Civil rights activists sitting at a segregated lunch counter
The 1958 Katz Drug Store sit-in.

Luper Hildreth: She would tell us to not become complacent. She would tell us that we must not remain silent now; we must continue to speak out against injustice. We’ve come a long way, but the struggle is not over. We must have faith, hope, and determination if we want the dreams of the civil rights movement to become a reality.

Hill: As someone who studies our Black radical political tradition, I view leaders like your mother as extremely bold. It wasn’t just that she loved people. It wasn’t just that she centered nonviolent civil disobedience. On top of all those other attributes that we’ve talked about, she had the kind of boldness and courage that scared people. Her willingness to go into that Katz Drug Store in 1958 with thirteen students—that was a bold move. And because she was willing to be bold, she encouraged others to be bold right along with her. She taught them how to be bold in a nonviolent way. That’s where so much of her power was, and still is. That is where her magic lay.

We must have faith, hope, and determination if we want the dreams of the civil rights movement to become a reality.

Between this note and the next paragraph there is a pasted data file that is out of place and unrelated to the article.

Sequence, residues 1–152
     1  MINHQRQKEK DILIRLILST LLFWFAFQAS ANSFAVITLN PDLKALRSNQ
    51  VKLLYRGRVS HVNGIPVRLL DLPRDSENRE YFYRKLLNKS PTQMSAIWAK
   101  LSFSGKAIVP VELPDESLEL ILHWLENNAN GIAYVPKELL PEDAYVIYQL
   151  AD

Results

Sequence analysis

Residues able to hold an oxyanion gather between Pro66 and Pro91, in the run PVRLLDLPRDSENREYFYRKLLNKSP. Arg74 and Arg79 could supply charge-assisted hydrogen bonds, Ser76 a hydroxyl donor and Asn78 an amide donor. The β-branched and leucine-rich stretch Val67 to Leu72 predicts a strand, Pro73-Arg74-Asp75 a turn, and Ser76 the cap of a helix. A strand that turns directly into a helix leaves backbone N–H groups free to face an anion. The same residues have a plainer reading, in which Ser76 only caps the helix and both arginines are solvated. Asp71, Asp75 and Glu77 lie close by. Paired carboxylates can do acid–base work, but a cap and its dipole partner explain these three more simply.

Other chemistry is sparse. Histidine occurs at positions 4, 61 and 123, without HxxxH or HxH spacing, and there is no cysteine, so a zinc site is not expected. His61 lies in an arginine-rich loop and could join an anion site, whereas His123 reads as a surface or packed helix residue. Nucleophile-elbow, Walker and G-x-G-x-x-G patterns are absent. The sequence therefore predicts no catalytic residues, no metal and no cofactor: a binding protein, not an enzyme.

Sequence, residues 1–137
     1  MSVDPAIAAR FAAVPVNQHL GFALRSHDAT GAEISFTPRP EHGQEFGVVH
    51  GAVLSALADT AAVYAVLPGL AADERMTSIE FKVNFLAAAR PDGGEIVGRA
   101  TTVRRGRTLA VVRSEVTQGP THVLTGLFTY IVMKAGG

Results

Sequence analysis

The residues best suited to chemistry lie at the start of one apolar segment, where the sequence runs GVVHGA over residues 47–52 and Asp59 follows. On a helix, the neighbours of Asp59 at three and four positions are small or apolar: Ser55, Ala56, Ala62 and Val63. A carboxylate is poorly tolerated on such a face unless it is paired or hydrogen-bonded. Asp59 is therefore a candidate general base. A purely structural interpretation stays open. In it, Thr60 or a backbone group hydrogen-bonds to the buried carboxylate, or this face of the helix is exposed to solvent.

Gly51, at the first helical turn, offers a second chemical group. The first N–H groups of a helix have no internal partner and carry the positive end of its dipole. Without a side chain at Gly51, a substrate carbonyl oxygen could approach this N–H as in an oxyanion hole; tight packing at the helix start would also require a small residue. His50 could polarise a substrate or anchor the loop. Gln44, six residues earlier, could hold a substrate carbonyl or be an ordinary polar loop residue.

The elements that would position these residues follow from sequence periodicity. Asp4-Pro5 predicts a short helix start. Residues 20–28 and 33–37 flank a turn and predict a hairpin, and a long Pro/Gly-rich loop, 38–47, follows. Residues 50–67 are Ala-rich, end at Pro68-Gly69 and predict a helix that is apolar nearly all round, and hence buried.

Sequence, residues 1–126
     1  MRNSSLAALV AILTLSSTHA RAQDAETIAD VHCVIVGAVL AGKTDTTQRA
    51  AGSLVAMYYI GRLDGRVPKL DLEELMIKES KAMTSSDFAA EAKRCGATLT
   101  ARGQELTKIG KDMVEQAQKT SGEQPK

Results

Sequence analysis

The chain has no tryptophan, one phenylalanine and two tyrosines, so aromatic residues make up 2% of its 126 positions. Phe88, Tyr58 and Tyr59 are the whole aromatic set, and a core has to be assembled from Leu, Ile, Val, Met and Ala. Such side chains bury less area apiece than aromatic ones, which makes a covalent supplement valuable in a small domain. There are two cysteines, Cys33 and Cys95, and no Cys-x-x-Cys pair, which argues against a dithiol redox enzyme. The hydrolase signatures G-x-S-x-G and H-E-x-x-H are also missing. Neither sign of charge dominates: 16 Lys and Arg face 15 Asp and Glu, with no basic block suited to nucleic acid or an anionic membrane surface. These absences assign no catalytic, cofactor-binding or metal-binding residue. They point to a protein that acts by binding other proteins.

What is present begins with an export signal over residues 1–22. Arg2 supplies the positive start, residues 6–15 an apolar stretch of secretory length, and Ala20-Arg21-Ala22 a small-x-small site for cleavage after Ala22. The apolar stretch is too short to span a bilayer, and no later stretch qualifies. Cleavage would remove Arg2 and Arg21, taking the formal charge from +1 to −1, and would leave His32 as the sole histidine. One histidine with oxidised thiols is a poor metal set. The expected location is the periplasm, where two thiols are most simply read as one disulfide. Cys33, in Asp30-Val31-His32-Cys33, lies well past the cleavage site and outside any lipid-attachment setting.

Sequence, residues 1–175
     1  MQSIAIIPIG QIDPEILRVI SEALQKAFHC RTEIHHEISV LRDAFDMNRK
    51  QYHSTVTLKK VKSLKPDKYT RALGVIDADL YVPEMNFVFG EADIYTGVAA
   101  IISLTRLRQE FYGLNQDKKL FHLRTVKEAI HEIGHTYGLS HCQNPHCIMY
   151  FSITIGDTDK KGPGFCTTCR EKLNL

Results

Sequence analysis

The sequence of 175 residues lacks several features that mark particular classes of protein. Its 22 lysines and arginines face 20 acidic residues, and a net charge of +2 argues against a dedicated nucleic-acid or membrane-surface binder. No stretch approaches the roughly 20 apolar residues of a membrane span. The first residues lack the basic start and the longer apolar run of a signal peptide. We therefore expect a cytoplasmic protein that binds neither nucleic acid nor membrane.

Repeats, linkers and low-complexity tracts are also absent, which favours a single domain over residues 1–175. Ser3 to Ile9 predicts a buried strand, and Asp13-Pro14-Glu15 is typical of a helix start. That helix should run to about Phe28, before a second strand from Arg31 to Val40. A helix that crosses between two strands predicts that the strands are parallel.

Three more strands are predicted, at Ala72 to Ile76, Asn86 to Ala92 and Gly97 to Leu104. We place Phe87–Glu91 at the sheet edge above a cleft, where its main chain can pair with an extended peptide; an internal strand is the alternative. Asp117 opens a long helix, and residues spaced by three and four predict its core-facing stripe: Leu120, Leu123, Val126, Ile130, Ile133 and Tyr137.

She truly lived a rich and amazing life. She was only thirty-five when she became the NAACP Youth Council mentor, and it was not long thereafter that you all began to make history. Having gotten to know her through you and some of her former students and colleagues, I can confidently call her a peer of Martin Luther King Jr., a peer of Malcolm X, a peer of Fannie Lou Hamer and Ella Baker. Clara Luper stands tall alongside the other great civil rights leaders. If she was able to lead a small group of children in Oklahoma City in ways that changed the country as a whole, at a time when it was not always safe to be a Black child in America, then we should all strive to summon that same kind of strength to deal with our own challenges. Her teachings can provide the rest of us with a way to think about our own lives, and a model for how best to live them.

February 2023

Editorial note: The University of Oklahoma Press’s new edition of Behold the Walls is forthcoming in July 2023.

A photograph of Marilyn Luper HildrethOne of the late Clara Luper’s three children, Marilyn Luper Hildreth was one of the original thirteen children who participated in the first sit-in that took place at Oklahoma City’s Katz Drug Store. She currently serves on committees for the Clara Luper Sit-In Plaza, Clara Luper Legacy, and the Oklahoma Clara Luper Civil Rights Center, and spends her time giving motivational speeches and continuing her mother’s legacy.

Karlos K. Hill is Regents Associate Professor in the Clara Luper Department of African & African American Studies at the University of Oklahoma. His books include Beyond the Rope: The Impact of Lynching on Black Culture and Memory (2016), The Murder of Emmett Till (2020), and The 1921 Tulsa Race Massacre: A Photographic History (2021). He also serves on the steering committee of the 1921 Tulsa Race Massacre Centennial Commission.